Little Women: Or, Meg, Jo, Beth, and Amy

By Louisa M. Alcott; Jessie Willcox Smith | Go to book overview

morrow was her birthday, and she was thinking how fast the years went by, how old she was getting, and how little she seemed to have accomplished. Almost twenty-five, and nothing to show for it. Jo was mistaken in that; there was a good deal to show, and by and by she saw, and was grateful for it.

"An old maid, that's what I 'm to be. A literary spinster, with a pen for a spouse, a family of stories for children, and twenty years hence a morsel of fame, perhaps; when, like poor Johnson, I 'm old, and can't enjoy it, solitary, and can't share it, independent, and don't need it. Well, I needn't be a sour saint nor a selfish sinner; and, I dare say, old maids are very comfortable when they get used to it; but --" and there Jo sighed, as if the prospect was not inviting.

It seldom is, at first, and thirty seems the end of all things to five-and-twenty; but it 's not so bad as it looks, and one can get on quite happily if one has something in one's self to fall back upon. At twenty-five, girls begin to talk about being old maids, but secretly resolve that they never will be; at thirty they say nothing about it, but quietly accept the fact, and, if sensible, console themselves by remembering that they have twenty more useful, happy years, in which they may be learning to grow old gracefully. Don't laugh at the spinsters, dear girls, for often very tender, tragical romances are hidden away in the hearts that beat so quietly under the sober gowns, and many silent sacrifices of youth, health, ambition, love itself, make the faded faces beautiful in God 's sight. Even the sad, sour sisters should be kindly dealt with, because they have missed the sweetest part of life, if for no other reason; and, looking at them with compassion, not contempt, girls in their bloom should remember that they too may miss the blossom time; that rosy cheeks don't last forever, that silver threads will come in the bonnie brown hair, and that, by and by, kindness and respect will be as sweet as love and admiration now.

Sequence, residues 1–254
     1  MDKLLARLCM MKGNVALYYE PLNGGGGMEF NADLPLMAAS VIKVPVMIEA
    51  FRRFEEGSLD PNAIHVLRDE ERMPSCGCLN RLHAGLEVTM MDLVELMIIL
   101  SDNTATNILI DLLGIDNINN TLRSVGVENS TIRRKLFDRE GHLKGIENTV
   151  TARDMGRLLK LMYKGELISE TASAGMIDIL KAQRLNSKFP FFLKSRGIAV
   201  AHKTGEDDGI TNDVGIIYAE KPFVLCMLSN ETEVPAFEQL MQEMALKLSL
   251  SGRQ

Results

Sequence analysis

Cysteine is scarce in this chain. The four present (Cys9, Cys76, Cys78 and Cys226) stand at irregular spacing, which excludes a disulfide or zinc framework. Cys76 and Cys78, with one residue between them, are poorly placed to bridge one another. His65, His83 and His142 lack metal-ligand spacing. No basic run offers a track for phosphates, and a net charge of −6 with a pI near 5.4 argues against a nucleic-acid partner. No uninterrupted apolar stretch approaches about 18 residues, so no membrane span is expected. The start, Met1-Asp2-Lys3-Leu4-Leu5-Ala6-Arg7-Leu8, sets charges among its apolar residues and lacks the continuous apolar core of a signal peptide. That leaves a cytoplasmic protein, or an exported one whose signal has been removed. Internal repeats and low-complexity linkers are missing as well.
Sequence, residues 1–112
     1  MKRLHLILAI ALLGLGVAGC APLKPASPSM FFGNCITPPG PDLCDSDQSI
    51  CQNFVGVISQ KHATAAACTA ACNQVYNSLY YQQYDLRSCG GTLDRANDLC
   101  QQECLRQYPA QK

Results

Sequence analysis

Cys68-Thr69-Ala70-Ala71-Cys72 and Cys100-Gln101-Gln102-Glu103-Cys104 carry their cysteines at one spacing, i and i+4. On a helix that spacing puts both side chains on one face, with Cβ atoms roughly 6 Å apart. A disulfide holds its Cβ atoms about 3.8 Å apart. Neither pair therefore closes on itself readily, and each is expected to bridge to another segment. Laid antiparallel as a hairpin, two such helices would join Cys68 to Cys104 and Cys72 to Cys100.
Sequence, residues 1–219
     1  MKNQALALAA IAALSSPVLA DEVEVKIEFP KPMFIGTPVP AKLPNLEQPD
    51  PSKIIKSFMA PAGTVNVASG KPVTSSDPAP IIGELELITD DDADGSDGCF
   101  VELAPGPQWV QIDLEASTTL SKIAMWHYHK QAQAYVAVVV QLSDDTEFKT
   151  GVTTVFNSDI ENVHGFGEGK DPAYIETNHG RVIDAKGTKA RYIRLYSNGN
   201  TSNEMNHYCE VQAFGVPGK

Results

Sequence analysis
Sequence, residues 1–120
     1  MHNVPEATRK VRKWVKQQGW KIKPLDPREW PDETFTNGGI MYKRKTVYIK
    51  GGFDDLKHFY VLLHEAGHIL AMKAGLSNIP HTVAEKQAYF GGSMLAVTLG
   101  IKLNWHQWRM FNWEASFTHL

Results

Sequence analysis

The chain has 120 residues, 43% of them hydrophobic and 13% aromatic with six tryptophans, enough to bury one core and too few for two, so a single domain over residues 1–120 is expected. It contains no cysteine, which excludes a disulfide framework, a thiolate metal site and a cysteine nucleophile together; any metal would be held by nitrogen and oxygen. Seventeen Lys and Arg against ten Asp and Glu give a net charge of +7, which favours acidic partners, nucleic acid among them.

Gentlemen, which means boys, be courteous to the old maids, no matter how poor and plain and prim, for the only chivalry worth having is that which is the readiest to pay deference to

-469-

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